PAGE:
What happens when international students come together and share their stories? (Issue 6, 2013)

So-where-are-you-fromSo, where do you come from? What happens when a group of international students come together and share their stories? When children from your village all say they want to be doctors and engineers and now you’re here, what happens? When you stack supermarket shelves, study too late, Skype too loud, calculate the cost of it all and want to make your family proud, what happens? And they all continue to ask ‘So, where are you from?’

So, Where Are You From? is a powerful and engaging student theatre performance organised by La Trobe International in partnership with La Trobe Student Union's Theatre and Film, directed by Catherine Simmonds. Students from countries as diverse as Iran, India, Nepal, Tahiti and Germany perform scenes that illustrate the gamble they took in coming to Australia to study. During the show, the audience will be gripped by the stories of hardship and trauma experienced by some of the students. The diversity and different backgrounds of international students is strongly illustrated and the power of their performance helps the audience reflect on how they would cope in the same situation.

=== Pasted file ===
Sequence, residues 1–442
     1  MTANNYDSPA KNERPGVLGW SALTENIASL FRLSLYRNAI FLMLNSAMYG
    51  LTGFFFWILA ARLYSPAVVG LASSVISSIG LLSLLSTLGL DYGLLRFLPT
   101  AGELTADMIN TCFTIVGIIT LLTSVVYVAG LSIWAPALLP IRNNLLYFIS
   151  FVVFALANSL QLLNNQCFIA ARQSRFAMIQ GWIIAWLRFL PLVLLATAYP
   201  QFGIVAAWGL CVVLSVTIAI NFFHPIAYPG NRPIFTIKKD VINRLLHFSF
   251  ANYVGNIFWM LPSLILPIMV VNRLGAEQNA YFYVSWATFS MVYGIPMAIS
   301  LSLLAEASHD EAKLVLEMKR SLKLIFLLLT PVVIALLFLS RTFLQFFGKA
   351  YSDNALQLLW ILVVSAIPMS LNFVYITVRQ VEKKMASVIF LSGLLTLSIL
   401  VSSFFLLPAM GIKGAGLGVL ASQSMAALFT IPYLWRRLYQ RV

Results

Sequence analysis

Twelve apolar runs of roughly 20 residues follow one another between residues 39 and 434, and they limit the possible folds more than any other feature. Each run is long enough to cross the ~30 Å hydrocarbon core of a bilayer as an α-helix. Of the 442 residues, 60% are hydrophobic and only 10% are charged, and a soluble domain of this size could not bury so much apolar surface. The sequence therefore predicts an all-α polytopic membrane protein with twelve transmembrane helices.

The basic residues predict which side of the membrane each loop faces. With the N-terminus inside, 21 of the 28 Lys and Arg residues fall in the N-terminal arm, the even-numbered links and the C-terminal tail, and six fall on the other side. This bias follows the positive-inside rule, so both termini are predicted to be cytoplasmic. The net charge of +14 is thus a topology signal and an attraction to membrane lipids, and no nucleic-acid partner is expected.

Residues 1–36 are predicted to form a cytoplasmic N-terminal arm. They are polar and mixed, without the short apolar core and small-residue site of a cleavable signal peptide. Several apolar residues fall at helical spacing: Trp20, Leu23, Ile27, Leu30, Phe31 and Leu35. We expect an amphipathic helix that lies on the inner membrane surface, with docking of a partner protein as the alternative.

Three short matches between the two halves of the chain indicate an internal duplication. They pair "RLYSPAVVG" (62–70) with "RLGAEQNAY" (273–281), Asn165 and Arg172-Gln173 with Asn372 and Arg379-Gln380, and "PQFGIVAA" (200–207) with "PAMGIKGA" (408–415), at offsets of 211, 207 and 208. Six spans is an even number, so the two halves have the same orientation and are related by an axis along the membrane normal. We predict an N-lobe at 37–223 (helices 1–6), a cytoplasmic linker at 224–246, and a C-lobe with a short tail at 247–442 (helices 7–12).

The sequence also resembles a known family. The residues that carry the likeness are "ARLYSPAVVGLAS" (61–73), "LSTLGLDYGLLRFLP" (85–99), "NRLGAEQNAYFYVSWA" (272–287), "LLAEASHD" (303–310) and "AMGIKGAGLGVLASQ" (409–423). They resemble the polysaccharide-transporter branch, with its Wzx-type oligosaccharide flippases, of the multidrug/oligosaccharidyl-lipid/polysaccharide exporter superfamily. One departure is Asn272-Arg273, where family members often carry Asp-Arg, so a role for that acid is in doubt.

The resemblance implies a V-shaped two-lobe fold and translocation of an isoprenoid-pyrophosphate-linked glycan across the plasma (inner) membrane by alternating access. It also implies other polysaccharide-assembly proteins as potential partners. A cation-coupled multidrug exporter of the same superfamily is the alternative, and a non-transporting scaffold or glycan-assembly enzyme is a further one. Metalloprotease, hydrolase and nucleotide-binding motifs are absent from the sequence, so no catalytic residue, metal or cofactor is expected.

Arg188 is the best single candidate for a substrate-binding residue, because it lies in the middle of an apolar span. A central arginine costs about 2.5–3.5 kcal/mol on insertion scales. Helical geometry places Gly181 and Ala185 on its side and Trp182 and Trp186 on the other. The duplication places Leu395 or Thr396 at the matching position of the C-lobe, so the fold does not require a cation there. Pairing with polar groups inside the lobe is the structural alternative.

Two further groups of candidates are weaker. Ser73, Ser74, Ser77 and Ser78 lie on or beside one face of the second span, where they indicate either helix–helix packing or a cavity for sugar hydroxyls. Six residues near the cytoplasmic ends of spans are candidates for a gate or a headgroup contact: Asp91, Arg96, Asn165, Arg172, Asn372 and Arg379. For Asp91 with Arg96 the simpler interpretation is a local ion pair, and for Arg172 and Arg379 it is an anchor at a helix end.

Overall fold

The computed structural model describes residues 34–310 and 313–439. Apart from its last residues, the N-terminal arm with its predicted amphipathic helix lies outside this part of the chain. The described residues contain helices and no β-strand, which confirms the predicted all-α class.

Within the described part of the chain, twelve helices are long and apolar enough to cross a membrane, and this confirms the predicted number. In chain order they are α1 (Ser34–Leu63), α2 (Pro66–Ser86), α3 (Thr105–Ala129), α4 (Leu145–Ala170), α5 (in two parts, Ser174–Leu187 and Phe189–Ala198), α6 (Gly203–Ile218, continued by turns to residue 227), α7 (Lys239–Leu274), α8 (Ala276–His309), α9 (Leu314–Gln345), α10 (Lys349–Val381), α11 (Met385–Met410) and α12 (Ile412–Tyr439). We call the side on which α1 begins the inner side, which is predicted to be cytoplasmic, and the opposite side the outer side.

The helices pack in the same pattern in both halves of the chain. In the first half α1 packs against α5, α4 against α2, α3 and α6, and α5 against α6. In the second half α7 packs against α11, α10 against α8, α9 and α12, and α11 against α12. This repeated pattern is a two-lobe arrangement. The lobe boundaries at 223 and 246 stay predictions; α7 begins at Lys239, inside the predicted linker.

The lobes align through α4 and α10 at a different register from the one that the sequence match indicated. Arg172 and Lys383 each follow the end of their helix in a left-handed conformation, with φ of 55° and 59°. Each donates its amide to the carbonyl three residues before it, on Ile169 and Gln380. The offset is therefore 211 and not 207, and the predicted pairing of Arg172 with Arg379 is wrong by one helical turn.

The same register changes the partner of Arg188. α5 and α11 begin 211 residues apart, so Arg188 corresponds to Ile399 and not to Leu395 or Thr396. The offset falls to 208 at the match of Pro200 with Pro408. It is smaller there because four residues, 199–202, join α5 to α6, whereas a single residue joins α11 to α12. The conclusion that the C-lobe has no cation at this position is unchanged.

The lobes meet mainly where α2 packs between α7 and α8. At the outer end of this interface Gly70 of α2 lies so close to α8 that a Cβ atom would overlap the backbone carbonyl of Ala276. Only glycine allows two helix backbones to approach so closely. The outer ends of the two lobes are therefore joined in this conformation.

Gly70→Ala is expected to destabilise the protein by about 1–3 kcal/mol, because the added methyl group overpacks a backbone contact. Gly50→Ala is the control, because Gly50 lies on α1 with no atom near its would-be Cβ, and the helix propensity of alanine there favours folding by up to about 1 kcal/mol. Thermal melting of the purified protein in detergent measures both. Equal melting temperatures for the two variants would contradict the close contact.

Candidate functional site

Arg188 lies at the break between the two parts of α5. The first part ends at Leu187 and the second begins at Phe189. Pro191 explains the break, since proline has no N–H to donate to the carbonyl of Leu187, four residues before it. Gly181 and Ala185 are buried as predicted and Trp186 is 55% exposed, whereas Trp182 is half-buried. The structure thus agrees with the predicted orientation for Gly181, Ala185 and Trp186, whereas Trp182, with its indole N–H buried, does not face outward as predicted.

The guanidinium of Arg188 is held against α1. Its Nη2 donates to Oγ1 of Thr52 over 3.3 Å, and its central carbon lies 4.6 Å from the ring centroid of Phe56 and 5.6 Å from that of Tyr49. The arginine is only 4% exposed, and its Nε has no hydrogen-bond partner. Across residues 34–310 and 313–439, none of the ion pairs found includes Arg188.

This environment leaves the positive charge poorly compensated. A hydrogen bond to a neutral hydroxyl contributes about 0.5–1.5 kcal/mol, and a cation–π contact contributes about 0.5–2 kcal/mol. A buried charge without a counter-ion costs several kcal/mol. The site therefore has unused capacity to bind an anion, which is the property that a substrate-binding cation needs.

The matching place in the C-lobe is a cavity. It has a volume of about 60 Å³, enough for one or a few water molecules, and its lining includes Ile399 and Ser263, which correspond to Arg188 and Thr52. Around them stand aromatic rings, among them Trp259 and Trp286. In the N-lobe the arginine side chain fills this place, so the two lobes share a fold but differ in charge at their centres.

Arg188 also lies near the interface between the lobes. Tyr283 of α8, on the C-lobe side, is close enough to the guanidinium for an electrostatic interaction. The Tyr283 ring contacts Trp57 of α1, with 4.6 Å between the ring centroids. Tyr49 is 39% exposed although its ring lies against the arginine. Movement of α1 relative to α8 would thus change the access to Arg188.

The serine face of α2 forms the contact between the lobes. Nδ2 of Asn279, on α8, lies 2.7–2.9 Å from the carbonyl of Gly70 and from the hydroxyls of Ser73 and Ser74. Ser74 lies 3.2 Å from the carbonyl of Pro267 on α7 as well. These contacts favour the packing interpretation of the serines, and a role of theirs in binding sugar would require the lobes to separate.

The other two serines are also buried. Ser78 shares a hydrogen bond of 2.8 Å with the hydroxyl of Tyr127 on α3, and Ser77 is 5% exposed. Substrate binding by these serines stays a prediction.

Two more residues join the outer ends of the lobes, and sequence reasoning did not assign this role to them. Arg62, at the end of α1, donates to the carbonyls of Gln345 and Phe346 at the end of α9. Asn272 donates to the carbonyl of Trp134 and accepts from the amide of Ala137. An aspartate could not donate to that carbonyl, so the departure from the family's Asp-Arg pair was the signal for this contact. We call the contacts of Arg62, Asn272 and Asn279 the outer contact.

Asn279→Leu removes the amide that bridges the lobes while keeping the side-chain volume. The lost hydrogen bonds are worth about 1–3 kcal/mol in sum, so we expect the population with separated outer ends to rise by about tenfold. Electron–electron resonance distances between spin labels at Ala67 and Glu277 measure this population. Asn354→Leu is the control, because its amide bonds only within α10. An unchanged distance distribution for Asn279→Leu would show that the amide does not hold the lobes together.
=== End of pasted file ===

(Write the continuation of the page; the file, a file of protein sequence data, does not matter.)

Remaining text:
Jacqui Faliszewski, a La Trobe International Student Services Coordinator and the project coordinator believes this work has the power to change people’s understanding of culture and the international student experience.

‘This performance is about breaking down barriers. It’s about powerful storytelling and celebrating the richness and diversity of the international student experience,’ says Jacqui.

‘It also helps the audience understand that in selling international education, we are selling an experience, a life changing experience, and one that frequently cannot be reversed. In coming to Australia to study, many of our students cannot go back to their old way of life, even if they wish to.’

Abizer Merchant, La Trobe University’s Acting Executive Director, International says it’s important for international students to be recognised as members of our community.

‘This performance highlights the importance of recognising international students as members of our community that need to be looked after and nurtured, and not just international students of the University seeking a qualification.

‘Although these students come from such diverse backgrounds their hopes, fears and aspirations can easily be recognised and appreciated by anyone who has struggled to achieve something that was important to them,’ says Abizer.

The performance will run between 23 and 28 August 2013 (no show on Monday 26) at the Northcote Town Hall. To buy tickets, call La Trobe Student Theatre and Film on 9479 1198.